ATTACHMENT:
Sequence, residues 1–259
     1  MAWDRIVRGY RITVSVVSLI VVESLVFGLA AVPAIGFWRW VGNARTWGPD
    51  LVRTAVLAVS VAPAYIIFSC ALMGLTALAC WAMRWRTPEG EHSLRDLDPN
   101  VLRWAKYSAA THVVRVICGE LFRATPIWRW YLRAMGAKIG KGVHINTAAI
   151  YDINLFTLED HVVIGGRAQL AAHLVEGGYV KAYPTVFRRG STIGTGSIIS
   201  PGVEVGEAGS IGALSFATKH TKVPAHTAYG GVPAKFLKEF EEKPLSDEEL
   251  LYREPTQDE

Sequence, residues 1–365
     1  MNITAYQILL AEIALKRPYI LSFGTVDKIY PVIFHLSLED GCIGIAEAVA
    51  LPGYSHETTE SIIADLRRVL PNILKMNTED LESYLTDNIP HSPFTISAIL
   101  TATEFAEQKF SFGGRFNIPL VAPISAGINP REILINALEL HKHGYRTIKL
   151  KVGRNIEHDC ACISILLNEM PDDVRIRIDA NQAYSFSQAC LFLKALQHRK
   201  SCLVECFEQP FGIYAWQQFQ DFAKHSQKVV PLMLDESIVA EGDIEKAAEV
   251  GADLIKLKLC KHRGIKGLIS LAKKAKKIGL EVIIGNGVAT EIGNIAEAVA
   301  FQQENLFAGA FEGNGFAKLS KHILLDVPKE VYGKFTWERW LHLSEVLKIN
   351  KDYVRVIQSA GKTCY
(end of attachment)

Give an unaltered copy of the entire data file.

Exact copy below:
Sequence, residues 1–259
     1  MAWDRIVRGY RITVSVVSLI VVESLVFGLA AVPAIGFWRW VGNARTWGPD
    51  LVRTAVLAVS VAPAYIIFSC ALMGLTALAC WAMRWRTPEG EHSLRDLDPN
   101  VLRWAKYSAA THVVRVICGE LFRATPIWRW YLRAMGAKIG KGVHINTAAI
   151  YDINLFTLED HVVIGGRAQL AAHLVEGGYV KAYPTVFRRG STIGTGSIIS
   201  PGVEVGEAGS IGALSFATKH TKVPAHTAYG GVPAKFLKEF EEKPLSDEEL
   251  LYREPTQDE

Sequence, residues 1–365
     1  MNITAYQILL AEIALKRPYI LSFGTVDKIY PVIFHLSLED GCIGIAEAVA
    51  LPGYSHETTE SIIADLRRVL PNILKMNTED LESYLTDNIP HSPFTISAIL
   101  TATEFAEQKF SFGGRFNIPL VAPISAGINP REILINALEL HKHGYRTIKL
   151  KVGRNIEHDC ACISILLNEM PDDVRIRIDA NQAYSFSQAC LFLKALQHRK
   201  SCLVECFEQP FGIYAWQQFQ DFAKHSQKVV PLMLDESIVA EGDIEKAAEV
   251  GADLIKLKLC KHRGIKGLIS LAKKAKKIGL EVIIGNGVAT EIGNIAEAVA
   301  FQQENLFAGA FEGNGFAKLS KHILLDVPKE VYGKFTWERW LHLSEVLKIN
   351  KDYVRVIQSA GKTCY